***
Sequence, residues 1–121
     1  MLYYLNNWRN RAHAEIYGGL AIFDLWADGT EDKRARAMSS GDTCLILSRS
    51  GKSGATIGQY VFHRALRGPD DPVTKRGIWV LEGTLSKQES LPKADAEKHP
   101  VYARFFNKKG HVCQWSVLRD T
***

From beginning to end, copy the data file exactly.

Sequence, residues 1–121
     1  MLYYLNNWRN RAHAEIYGGL AIFDLWADGT EDKRARAMSS GDTCLILSRS
    51  GKSGATIGQY VFHRALRGPD DPVTKRGIWV LEGTLSKQES LPKADAEKHP
   101  VYARFFNKKG HVCQWSVLRD T